PAR’s Theoretical and Historical Origins in the Global South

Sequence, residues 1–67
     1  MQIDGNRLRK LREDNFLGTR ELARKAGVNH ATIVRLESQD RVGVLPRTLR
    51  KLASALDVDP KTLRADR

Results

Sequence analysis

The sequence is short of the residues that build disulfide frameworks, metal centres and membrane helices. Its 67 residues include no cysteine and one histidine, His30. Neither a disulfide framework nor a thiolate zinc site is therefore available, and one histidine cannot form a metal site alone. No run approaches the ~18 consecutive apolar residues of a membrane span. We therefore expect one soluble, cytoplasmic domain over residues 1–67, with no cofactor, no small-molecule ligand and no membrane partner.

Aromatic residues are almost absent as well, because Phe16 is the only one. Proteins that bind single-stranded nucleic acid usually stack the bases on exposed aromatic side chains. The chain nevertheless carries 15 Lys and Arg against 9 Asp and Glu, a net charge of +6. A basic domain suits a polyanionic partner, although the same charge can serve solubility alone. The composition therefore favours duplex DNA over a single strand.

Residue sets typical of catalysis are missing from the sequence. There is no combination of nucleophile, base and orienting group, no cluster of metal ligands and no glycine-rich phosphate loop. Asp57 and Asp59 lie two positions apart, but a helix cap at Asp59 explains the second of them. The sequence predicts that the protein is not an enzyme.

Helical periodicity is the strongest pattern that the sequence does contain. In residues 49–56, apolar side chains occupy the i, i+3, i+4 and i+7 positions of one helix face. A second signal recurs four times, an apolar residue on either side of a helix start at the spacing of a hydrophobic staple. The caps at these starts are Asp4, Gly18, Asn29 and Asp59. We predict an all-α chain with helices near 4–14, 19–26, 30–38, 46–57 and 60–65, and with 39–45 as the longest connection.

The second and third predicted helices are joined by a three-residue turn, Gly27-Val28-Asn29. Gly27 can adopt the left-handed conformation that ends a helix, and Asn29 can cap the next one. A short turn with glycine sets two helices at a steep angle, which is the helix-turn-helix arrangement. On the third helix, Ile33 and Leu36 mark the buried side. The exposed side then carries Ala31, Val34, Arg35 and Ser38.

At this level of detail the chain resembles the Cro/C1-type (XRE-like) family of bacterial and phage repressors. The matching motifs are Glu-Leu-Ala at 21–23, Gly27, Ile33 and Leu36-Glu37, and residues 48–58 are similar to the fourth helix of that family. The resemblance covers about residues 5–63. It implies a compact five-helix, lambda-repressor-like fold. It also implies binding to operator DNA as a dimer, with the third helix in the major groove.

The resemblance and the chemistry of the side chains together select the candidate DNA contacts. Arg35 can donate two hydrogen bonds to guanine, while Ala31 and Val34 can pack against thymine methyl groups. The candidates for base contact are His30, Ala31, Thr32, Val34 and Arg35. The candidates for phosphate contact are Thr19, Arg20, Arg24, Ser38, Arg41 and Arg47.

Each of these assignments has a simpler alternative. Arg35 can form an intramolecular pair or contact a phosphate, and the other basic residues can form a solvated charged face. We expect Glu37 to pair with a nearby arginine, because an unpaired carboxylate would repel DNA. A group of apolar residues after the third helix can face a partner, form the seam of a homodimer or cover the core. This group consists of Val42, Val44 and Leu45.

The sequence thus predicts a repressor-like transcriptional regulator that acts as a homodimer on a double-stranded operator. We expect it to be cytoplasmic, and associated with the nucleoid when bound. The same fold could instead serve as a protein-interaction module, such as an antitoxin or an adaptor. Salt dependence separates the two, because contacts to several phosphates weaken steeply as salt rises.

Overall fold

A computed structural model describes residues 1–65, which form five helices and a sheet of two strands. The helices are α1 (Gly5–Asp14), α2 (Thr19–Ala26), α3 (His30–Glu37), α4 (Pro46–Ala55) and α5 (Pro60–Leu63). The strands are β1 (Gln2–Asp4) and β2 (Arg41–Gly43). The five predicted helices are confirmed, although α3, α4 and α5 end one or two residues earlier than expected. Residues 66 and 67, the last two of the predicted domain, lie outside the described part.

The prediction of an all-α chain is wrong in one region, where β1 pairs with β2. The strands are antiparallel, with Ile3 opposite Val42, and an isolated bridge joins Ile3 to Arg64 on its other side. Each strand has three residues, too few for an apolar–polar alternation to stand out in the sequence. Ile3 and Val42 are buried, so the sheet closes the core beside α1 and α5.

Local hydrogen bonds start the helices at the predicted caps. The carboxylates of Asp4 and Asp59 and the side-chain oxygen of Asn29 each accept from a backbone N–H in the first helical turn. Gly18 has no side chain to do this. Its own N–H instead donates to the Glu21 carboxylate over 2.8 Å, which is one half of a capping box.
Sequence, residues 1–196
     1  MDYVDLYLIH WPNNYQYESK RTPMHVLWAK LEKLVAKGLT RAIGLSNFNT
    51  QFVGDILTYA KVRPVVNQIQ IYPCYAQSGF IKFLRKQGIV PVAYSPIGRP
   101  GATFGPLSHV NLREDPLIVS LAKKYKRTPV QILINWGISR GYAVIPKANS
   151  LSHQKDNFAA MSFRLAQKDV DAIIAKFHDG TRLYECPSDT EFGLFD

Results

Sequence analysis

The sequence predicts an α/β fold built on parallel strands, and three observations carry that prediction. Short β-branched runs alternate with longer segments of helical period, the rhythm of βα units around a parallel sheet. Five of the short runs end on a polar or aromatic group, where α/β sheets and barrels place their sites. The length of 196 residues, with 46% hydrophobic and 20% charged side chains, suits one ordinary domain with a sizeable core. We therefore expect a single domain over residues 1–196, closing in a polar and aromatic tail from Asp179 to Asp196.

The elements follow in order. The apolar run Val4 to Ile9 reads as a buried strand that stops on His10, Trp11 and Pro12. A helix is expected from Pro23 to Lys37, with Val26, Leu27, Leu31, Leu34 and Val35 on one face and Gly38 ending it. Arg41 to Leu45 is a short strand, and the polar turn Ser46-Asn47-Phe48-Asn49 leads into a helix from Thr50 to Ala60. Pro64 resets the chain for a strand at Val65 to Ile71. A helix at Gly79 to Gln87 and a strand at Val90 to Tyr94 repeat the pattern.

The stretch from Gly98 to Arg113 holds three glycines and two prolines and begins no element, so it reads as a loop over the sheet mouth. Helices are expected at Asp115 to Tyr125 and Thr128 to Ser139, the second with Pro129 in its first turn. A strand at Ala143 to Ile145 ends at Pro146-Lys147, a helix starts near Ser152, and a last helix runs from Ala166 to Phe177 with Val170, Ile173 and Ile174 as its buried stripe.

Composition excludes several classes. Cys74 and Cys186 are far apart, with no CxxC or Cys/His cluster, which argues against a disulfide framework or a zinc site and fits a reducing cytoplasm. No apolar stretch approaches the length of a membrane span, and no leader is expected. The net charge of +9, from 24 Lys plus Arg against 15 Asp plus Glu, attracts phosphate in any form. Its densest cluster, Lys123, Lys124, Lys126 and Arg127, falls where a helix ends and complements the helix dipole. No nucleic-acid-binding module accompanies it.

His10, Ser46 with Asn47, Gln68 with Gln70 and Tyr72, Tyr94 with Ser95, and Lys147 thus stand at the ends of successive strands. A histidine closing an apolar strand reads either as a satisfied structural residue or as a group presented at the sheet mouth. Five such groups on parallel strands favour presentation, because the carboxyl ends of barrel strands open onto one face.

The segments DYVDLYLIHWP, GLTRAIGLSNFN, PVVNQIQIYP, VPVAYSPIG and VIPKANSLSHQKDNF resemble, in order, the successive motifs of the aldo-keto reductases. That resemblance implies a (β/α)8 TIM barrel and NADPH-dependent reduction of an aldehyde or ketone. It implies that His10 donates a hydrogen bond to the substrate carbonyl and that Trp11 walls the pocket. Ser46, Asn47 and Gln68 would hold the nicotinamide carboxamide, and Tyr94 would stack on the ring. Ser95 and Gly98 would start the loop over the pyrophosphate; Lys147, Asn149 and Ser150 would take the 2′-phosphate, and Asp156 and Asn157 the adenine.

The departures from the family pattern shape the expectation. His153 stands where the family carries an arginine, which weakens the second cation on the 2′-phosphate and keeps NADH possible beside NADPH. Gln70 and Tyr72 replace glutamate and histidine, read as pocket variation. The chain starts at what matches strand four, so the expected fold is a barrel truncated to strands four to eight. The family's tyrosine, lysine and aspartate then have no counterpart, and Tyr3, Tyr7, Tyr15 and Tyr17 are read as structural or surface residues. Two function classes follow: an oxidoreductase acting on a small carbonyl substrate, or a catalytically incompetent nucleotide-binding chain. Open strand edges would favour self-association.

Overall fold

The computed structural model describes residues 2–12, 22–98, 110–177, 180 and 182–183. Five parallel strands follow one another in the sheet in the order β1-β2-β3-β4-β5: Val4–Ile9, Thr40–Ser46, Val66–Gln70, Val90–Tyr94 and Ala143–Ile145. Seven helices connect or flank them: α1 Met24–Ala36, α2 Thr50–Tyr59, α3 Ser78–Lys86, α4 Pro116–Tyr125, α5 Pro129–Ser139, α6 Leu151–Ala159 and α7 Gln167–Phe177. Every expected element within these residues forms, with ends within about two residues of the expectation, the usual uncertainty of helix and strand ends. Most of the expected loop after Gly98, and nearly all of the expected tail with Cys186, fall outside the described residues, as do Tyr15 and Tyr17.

Hall 1992 notes that PAR’s theoretical and historical origins date back to the 1970s, when it emerged within formerly colonized nations in the Global South and was strongly informed by radical social movements. For example, Lomeli and Rappaport 2018 documents the ways in which PAR’s formation and conceptual frameworks were impacted by the 1972 peasants’ movement, in which over 600 peasant families occupied haciendas in Montería, Colombia, to fight against the ongoing encroachment of settlers’ lands into peasants’ lands. Orlando Fals Borda organized the First World Symposium of Participatory Action Research, in Cartagena, Colombia, in 1977—intentionally located not too far from the site of the peasants’ occupation a few years earlier—to study regional problems and their implications. The the symposium convened fifty-six scholar-activists from across the world and peasant leaders. Fals Borda 2013 recalls that participants in the First World Symposium of PAR were sociologists, economists, anthropologists, theologians, farmers, educators, artists, and social workers. Fals Borda 2006 observes that PAR’s first wave in the 1970s was influenced by theoretical contributions that included educator Paulo Freire’s notion of dialogical conscientization in Brazil, economist Samir Amin’s analysis of imperialism in Senegal, sociologist Pablo Gonzalez Casanova’s analysis of exploitation in Mexico, and sociologist Maria Cristina Salazar’s analysis of community action against land ownership inequalities in Colombia. In this first wave, PAR incorporated tools and techniques for research and teaching such as popular theater, drawing, music, and comics. Hall 2008 documents the early leaders in the 1970s, who included Fals Borda in Colombia, Francisco Vio Grossi in Venezuela and Chile, Rajesh Tandon in India, Yusuf Kassam in Tanzania, Budd Hall in Canada, and John Gaventa in Appalachia in the United States. Hall 1992 observes that from its inception, PAR challenged dominant positivist paradigms in social science, which assumed objectivity and scientific credibility. Hall also discusses the alignment of the PAR model and feminist critiques of traditional research paradigms and dominant epistemologies and feminist contributions calling for new research paradigms and new forms of knowledge production that shift the locus of power. Hall 2008 contends that in addition to critiquing positivism, early PAR countered the Marxist-Leninist notion of an intellectual vanguard that assumes to have a more advanced consciousness than the masses and engages in a paternalistic movement role. PAR researchers instead asserted that the role of scholars and researchers was to support everyday people’s social struggles for a more just world. Historically and theoretically, PAR represented an effort to unite social science research and social movements, engaging marginalized groups in collective inquiry and collective action toward liberation from systemic domination. This first wave of the PAR tradition that emerged in the Global South in the 1970s informs the current critical PAR work in the United States and globally.